Nigeria’s plastics industry is fast growing

The Country Cluster of EUROMAP-European Plastics and Rubber Machinery confirms significant growth for Nigeria.

Nigeria is Africa’s largest importers of plastics in primary forms

With about 70% of raw materials imported (mainly from the Middle East, Europe and Asia) and only 30% produced locally, the Nigerian market has great potential for exporters of plastics in primary forms.

In the years 2008 to 2015, for example, imports of plastic raw materials increased annually by 7.2% from 464 kt to 754 kt, +62.5%! This makes Nigeria, together with Algeria, Africa's largest importer of plastics in primary forms!

Source: EUROMAP / Graph: fairtrade

Nigeria’s per capita plastics consumption on the up

  • The per capita consumption of plastics in Nigeria has grown by about 5% annually over the past ten years, from 4.0 kg in 2007 to 6.5 kg in 2017 and is estimated to be 7.5 kg in 2020.
Source: EUROMAP / Graph: fairtrade

Nigeria’s plastics consumption – Strong and steady increase

  • The country's plastics consumption has grown by 7.8% annually over the past ten years, from 578 kt in 2007 to 1.229 kt in 2017 and is estimated to be 1.533 kt in 2020.
Source: EUROMAP / Graph: fairtrade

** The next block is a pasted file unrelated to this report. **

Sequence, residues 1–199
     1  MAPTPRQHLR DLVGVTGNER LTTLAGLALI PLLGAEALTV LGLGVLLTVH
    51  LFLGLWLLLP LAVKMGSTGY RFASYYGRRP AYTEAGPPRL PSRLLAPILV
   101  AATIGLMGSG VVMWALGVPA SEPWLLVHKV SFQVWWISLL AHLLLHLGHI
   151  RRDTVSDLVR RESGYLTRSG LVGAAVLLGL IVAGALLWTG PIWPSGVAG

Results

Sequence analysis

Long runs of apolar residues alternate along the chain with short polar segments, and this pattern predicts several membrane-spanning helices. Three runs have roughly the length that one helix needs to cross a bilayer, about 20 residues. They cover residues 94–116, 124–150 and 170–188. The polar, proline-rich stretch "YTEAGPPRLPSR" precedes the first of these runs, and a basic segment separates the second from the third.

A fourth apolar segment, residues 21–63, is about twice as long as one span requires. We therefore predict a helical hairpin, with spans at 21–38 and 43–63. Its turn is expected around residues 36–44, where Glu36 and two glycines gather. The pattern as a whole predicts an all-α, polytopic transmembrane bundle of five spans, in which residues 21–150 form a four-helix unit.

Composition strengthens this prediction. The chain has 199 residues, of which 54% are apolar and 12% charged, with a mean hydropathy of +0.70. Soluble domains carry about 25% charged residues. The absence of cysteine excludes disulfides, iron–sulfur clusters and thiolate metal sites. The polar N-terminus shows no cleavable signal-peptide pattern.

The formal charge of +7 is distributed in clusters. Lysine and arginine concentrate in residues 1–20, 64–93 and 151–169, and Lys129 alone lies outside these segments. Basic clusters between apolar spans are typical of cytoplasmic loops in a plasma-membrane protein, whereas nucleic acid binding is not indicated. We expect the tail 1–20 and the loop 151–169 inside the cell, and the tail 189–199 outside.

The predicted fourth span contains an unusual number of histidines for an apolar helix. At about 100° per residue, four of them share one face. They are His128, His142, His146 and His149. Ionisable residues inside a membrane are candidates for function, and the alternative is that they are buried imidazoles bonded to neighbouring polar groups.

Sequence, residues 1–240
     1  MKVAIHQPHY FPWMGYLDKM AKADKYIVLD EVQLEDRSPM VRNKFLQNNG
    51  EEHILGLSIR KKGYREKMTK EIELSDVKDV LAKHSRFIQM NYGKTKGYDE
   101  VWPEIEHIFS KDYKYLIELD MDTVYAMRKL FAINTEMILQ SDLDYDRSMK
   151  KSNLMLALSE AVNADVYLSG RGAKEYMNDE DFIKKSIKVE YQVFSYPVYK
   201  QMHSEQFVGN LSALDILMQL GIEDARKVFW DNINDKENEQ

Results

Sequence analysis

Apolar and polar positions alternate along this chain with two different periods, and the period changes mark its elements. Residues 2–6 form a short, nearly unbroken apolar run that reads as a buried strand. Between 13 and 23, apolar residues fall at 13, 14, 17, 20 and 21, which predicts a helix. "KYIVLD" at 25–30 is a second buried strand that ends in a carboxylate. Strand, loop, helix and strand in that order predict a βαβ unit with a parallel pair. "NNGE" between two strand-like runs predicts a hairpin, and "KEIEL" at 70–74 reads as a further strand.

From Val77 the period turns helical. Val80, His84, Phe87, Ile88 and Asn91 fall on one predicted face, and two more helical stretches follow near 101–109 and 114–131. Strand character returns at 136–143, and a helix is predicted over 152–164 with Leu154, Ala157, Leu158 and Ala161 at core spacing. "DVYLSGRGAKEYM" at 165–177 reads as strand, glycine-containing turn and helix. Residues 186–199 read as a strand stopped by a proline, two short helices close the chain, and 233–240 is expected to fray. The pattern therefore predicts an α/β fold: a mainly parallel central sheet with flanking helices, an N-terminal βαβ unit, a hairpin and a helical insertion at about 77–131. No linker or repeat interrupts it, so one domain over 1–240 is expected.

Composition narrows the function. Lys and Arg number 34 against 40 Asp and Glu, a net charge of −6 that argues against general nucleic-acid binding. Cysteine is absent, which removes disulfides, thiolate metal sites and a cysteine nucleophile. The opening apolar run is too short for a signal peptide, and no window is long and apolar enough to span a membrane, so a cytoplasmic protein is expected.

Nigeria’s plastics production  – Strong and steady increase

  • Nigeria's plastics production has grown by 13.9% annually over the past ten years, from 120 kt in 2007 to 442 kt in 2017 and is estimated to be 513 kt in 2020.
Source: EUROMAP / Graph: fairtrade

Nigeria’s plastics consumption by application 2017E

  • 53.8% of consumption is accounted for by packaging, 16.3% by construction, 5.7 for automotive and the remainder by various industries.
Source: EUROMAP / Graph: fairtrade

Nigeria’s plastics consumption by processing method 2017E

  • In plastics processing, extrusion is in the lead with 52.0%, followed by injection molding with 23.4%, blow molding with 8.6% and PET with 8.1%.
Source: EUROMAP / Graph: fairtrade

Being the largest importer of plastics technology in Sub-Sahara Africa Nigeria invests heavily in its plastics industry

Source: VDMA / Graph: fairtrade 2019
  • With 115 million euros in 2018 (+21% compared to 2017), Nigeria is the second largest importer of plastics technology in Sub-Sahara Africa, just behind South Africa (125 million euros). 
  • But while South Africa's imports not only failed to grow between 2014 and 2018, but even dropped from 132 to 125 million euros, Nigeria's imports increased by an average of 7.2% per year over the same period.
  • SoNigeria will soon overtake South Africa. And due to its high and sustained investment in its plastics industry and its immense population of 200 million, which according to the United Nations will increase to 400 million by 2050, it is all too likely that Nigeria will become the number one in Africa within the next five years. A position the country is likely to take in the long term.